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ASIA : 'Banned' Book Raises Eyebrows Among Chinese


BEIJING — One of the most talked-about books in the Chinese capital is a thin, provocative paperback titled "Viewing China Through a Third Eye."

The book is an alarmist vision of the future that warns of a looming "catastrophe" if peasants continue to flee the countryside by the millions for the cities.

Praised in private by many Chinese leaders, reportedly including President Jiang Zemin, the book was nonetheless banned from government bookstores last month by the propaganda department of the Communist Party.

Despite the ban, sales have been brisk, particularly for a work of political analysis, in private bookstores. Li Shiqiang, owner of Beijing's Sanwei (Three Flavors) Bookstore, a haven for intellectuals since it opened in 1988, said he quickly sold out his 200 copies. Liang Heping, a composer and jazz keyboardist, said he shared his copy with dozens of friends.

Adding to the interest is the uncertainty of the identity of the book's author. It was first published in March by Shanxi Province People's Publishing House under the pseudonym "Leininger." The author was identified as "the most influential China expert in contemporary Europe."

But few took the foreign authorship seriously. "The understanding of China and the Chinese language is too good," musician Liang said. "I think they used a foreign name to attract attention and give the book an air of objectivity."

Under pressure from journalists, the publisher said the author was, in fact, Wang Shan--named as the book's translator. But that also happens to be the Chinese equivalent of "John Doe."

Because of the book's pessimistic view of economic reforms, attention focused on controversial economist He Xin as the possible author. He, who works for a state-sponsored think tank, became a controversial figure among intellectuals in 1989 when he defended the army crackdown on the pro-democracy movement. He said the action, in which hundreds of Chinese were killed, was necessary to maintain order and prevent China from slipping into chaos.

But in an interview, he denied writing the book. "Back in 1988 I already wrote something similar to that," He huffed.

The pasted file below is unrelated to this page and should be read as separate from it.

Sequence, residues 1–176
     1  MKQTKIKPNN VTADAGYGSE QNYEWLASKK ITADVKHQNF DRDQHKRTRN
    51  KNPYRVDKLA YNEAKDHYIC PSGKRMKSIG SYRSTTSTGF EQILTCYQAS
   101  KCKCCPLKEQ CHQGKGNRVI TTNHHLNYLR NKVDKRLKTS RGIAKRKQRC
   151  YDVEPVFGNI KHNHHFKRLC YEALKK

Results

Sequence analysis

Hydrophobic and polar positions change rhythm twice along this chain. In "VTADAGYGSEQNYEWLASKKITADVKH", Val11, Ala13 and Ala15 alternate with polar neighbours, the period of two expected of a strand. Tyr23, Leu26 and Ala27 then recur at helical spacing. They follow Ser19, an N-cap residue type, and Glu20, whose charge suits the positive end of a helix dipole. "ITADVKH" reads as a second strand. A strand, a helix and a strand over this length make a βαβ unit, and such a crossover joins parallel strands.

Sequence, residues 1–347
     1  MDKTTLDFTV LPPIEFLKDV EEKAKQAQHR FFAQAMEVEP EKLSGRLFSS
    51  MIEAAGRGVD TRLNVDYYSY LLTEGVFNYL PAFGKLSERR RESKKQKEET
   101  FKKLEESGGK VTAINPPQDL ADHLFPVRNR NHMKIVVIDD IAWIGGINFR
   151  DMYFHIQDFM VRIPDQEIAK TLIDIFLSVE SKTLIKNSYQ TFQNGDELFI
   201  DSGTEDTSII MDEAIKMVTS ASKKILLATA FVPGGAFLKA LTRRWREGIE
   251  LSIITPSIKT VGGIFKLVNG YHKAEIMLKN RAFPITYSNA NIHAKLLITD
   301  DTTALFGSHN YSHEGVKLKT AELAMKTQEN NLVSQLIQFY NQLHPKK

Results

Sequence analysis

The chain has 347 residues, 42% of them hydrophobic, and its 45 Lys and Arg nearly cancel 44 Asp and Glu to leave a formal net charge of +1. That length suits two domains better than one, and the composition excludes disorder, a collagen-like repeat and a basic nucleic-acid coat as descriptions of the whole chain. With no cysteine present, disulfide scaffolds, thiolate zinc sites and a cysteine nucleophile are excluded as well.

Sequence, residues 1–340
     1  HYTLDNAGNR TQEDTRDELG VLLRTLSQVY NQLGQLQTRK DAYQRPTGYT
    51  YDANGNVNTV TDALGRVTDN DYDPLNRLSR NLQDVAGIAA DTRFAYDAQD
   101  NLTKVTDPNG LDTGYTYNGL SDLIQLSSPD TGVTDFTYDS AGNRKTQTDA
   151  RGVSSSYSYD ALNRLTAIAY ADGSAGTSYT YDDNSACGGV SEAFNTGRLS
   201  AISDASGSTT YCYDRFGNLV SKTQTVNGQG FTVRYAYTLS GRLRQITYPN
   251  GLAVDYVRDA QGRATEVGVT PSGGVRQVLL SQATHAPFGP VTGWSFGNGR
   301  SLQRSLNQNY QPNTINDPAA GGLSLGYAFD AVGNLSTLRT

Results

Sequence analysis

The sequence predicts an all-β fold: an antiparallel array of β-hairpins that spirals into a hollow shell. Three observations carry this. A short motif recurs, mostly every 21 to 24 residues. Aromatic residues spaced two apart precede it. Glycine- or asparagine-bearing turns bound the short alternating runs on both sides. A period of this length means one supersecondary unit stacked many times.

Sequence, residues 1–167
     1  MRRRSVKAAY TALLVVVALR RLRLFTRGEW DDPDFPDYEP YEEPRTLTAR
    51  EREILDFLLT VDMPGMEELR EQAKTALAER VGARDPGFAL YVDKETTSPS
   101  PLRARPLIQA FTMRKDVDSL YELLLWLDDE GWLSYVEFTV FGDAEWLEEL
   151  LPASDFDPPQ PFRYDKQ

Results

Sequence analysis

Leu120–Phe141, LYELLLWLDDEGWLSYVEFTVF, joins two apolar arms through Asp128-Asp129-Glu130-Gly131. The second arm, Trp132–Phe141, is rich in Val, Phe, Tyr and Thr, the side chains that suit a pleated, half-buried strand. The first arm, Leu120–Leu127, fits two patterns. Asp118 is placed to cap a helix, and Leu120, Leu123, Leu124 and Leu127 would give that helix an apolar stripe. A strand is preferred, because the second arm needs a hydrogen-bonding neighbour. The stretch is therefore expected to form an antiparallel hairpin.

The main contention of "Viewing China Through a Third Eye" is that economic liberalization ushered into China by Communist Party leader Deng Xiaoping has broken the traditional links of the peasantry to the land.

Pointing to China's huge floating population--as many as 100 million who have left the rural interior to seek their fortune in the cities--the author sees parallels with the decline and fall of Chinese dynasties: "Open the Chinese history books and we will be reminded of an obvious fact; every dynasty, without exception, was destroyed by roving masses. The roving masses are peasants who have lost their land or who are not satisfied staying on the land."

By opening up the economy and allowing peasants to travel to seek jobs, Deng and his supporters have "let the devil out of the bottle."

Such thoughts are not uncommon, particularly in hard-line factions of the Communist Party that see little good in Deng's economic reforms.

But no target is spared in the book, including the world's last great Communist system: "The Chinese Communist Party has made a lot of serious mistakes after it came into power. But the most serious mistake is that it covered up the reality of the impoverished countryside and starving peasants. The result is that the Communist Party lost the opportunity to gain sympathy, understanding and help from international society."

The mixed reactions the book provoked in the Communist Party proved that it touched a nerve. Just how seriously the book was received was apparent when, despite the ban, celebrated author Wang Meng wrote a critique for the journal Readings.

Wang, one of China's most famous living authors who resigned his post as minister of culture in 1989 after the Tian An Men Square crackdown, praised parts of the book but attacked the dismissal of economic reforms.

In his most ironic line, Wang noted that the hard-line policies advocated by the author probably would have prohibited the book's publication.

So Whodunit?

A mystery has surfaced over who wrote the brisk-selling political analysis on China.

Excerpts From the Book

"Chinese intellectuals first didn't have the right to think independently. Then they were given the right but had lost the ability to think on their own. That's why today they either believe totally in the state or totally believe what they hear on Voice of America."

"To develop the economy, maintaining order is most important. To maintain order, autocracy is the appropriate way."

"If the state could maintain a 30-year program of coercion and education, then the mistakes and vice committed by the dictatorship would be forgiven."

Source: Times Beijing Bureau

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